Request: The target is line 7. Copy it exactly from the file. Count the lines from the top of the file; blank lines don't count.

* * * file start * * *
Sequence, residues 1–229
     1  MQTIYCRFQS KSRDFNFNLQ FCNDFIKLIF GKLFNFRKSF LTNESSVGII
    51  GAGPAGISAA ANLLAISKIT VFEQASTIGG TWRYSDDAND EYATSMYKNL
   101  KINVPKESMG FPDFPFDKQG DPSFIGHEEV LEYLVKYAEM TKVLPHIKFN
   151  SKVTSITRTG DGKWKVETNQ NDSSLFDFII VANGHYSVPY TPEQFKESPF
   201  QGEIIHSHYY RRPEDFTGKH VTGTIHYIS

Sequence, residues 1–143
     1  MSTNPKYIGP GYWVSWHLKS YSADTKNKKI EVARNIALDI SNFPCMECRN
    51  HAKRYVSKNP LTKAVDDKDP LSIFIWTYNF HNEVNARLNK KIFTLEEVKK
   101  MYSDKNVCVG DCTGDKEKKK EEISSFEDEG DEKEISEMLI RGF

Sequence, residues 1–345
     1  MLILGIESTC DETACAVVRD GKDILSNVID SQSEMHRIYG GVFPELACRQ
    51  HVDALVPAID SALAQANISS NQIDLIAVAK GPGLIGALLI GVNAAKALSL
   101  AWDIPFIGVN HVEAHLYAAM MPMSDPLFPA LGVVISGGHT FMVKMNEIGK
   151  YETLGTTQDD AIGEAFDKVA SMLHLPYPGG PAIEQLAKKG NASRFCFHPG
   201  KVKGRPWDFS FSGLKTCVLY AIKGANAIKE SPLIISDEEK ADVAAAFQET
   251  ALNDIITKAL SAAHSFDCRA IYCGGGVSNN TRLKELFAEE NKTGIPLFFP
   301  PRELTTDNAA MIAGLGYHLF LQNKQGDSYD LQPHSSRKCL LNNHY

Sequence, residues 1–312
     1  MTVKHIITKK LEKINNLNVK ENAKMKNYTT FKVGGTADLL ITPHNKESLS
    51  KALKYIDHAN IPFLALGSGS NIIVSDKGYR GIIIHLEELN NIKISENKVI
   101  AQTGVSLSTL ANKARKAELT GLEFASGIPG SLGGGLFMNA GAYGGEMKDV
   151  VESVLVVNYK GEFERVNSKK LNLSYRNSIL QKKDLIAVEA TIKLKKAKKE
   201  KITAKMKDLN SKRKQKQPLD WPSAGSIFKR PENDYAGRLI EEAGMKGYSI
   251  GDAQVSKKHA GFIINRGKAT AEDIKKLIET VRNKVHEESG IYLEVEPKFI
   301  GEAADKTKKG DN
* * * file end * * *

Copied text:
Sequence, residues 1–143